Maintenance Free Battery Repair

Can You Use Any Charger With Any Mobile Phone, Notebook, Camera, or Tablet? 

Every mobile phone, laptop, and tablet seem to come with their own charger.  If you’re like me, you’ve probably compiled quite a few chargers over the years.  So the question becomes: is it safe to use a charger with your phone, notebook, camera, or tablet that isn’t the original manufacturer’s charger which came with the device?

Types of Chargers

In this guide, we’ll concentrate on three types of chargers: laptop chargers, micro USB chargers (these are used with phones, tablets, and cameras), and Apple Lightning Connectors.  While some devices have chargers using a slightly different head or charging cable, these are the most common.

Laptop chargers are rather unique to the device they include.  However, there may be some generic chargers which boast the ability to be interchanged between laptops.  This always requires changing of the charger”head” and may not be the best charging amperage or voltage for your device.

Micro USBs are designed to be interchangeable, and are standard in most smartphones, Android devices, and tablets.  Micro USB chargers typically have the same voltage, but may draw different amps.  I will explain this further later and how to know whether the charger is safe to use (depending on its recorded amps and voltage).

For older devices using a 30-pin charge interface, a connector can be used to control the Lightning Connector.

The Plugs Must Be The Same

For a charger for use on a different device, it’s important that the plug  of the charger (the”head”) fit snugly to the charging port of the unit.  Micro USBs are the same across the board as far as charging heads, whilst notebook chargers are usually specific to both make and model.  However, the plug fitting firmly is only 1 part of this equation.

How Voltage and Amperage Matter

Determined by the power brick of the charger you’ll find a tag with the charger’s voltage (V) and amperage (A).  For other types of chargers, like a smartphone charger, this information is usually found at the bottom of the charger, where it would meet up with the wall.  For the device you’re trying to control, the voltage and amperage required will be seen on the battery that came with the device or on the manufacturer’s website.

Voltage is how much power the charger will draw in the device, or just how much is being”pushed” to the device by the charger.  A phone will usually pull up to approximately 5V, though a laptop can pull up to 25V.  A charger must equal the voltage needed by the device.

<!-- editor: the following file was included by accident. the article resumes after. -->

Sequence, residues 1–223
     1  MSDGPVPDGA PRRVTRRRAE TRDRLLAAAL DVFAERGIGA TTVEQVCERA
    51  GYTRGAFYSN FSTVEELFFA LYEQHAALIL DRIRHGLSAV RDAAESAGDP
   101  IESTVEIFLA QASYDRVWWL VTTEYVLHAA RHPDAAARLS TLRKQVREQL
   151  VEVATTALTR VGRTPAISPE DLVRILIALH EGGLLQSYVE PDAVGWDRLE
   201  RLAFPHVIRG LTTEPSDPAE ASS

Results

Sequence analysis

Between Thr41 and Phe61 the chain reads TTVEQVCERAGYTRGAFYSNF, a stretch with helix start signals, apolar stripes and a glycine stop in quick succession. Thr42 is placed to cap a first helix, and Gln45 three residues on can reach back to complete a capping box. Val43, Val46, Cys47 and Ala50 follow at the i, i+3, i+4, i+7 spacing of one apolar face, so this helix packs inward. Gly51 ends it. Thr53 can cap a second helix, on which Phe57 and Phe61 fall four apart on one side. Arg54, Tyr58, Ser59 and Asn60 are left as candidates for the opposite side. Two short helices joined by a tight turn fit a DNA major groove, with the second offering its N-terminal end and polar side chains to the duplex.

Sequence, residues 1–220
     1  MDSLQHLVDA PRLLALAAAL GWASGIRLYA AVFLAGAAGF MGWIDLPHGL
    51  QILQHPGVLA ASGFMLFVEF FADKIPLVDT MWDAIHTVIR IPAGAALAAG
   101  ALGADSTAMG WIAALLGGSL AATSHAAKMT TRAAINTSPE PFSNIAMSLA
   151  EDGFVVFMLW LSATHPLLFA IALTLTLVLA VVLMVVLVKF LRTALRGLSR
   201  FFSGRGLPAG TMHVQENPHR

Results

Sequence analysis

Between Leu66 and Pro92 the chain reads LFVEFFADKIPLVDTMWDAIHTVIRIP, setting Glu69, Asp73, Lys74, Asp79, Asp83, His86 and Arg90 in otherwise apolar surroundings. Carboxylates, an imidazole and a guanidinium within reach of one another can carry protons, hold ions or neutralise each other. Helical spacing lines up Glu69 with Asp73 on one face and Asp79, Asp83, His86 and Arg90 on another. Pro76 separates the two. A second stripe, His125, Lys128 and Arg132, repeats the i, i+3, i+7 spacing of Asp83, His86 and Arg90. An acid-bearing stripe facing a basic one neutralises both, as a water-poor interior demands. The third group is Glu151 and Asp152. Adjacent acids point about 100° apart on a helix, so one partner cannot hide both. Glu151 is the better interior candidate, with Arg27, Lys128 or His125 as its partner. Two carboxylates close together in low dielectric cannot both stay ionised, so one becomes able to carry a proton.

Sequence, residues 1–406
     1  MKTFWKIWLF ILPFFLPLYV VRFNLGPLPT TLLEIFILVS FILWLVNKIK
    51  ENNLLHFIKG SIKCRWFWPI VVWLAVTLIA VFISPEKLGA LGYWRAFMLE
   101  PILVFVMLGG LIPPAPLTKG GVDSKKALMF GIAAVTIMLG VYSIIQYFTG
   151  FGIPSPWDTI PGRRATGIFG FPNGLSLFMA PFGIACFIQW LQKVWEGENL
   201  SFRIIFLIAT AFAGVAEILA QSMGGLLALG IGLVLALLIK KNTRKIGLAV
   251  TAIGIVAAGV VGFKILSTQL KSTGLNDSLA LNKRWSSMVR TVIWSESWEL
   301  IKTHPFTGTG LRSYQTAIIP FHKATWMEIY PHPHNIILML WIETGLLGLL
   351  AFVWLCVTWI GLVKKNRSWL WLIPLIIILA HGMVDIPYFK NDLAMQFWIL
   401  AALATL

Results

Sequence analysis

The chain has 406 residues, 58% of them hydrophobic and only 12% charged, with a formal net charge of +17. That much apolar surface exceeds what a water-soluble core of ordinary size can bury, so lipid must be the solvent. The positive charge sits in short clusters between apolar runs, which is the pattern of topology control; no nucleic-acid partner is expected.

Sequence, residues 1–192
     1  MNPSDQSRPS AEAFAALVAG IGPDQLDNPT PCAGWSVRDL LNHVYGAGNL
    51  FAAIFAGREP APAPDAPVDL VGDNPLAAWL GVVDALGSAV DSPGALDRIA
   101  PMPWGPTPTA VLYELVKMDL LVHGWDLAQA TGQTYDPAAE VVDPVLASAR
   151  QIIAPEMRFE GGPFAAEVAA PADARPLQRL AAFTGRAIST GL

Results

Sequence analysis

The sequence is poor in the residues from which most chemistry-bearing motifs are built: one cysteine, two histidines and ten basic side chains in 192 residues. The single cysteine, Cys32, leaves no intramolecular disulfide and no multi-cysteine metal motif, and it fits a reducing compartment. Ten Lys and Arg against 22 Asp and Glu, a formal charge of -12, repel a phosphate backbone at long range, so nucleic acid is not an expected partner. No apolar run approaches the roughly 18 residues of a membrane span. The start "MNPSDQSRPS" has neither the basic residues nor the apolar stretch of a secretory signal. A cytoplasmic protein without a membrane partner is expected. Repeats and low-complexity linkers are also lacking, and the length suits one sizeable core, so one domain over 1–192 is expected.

Amperage is how fast power is”pulled” into the device, or how much power is used by the device.  The quantity of volts won’t ever change, but the amount of amps that the device pulls may change based on how hard the unit is working.  The number that you locate on the battery that came with your device are the max amount of amps that may be pulled by the device.  If a unit is paired with a charger that cannot support the amp necessity, it can burn out the power supply and kill the apparatus.

So if you have a modern USB device (smart phone, tablet, or camera) you can plug into a high-amperage USB port and enjoy faster charging (so long as the voltage is equivalent ).  *Website Note: if you have an older device, it might not work with USB interfaces that use the new Battery Charging Specification.

If The Micro USB  Charger’s Voltage Isn’t 5v…

Some devices may have their voltage listed with a plus/minus on it like this: 5v +- 5%.  If this is true, you can use a charger rated at 4.75 to 5.25v because that rating is telling you is that the apparatus can take 5v minus 5% of 5v = 4.75 volts  OR  5v and 5 percent of 5v = 5.25 volts.  So this means anything between 4.75 t0 5.25v is safe to use (so long as the amperage of the charger is equivalent to or higher than the device’s listed amperage).

An interesting thing to note is all chargers provide a higher voltage than the batteries that they charge.  That’s pretty much how they operate.  There has to be a voltage differential to generate the necessary current flow in the correct way to charge the battery.  If you look at your vehicle, it has a 12V battery, but average alternators provide 13.8 to 14.4V charging voltage to the battery.

The problem with knockoffs, especially cheap knockoffs, is that they frequently don’t support the energy requirements of the apparatus, or aren’t built to keep a steady flow safely.  Overall, it’s best to stick with the charger made for the device you are using.

Now You Know How To Safely & Effectively Swap Chargers

I hope this article was able to help you.  Now you know how to safely and effectively use a charger that did not come with your smart phone, notebook, camera, tabletcomputer, or other device.  Make certain to follow exactly what we said and you should be good to go!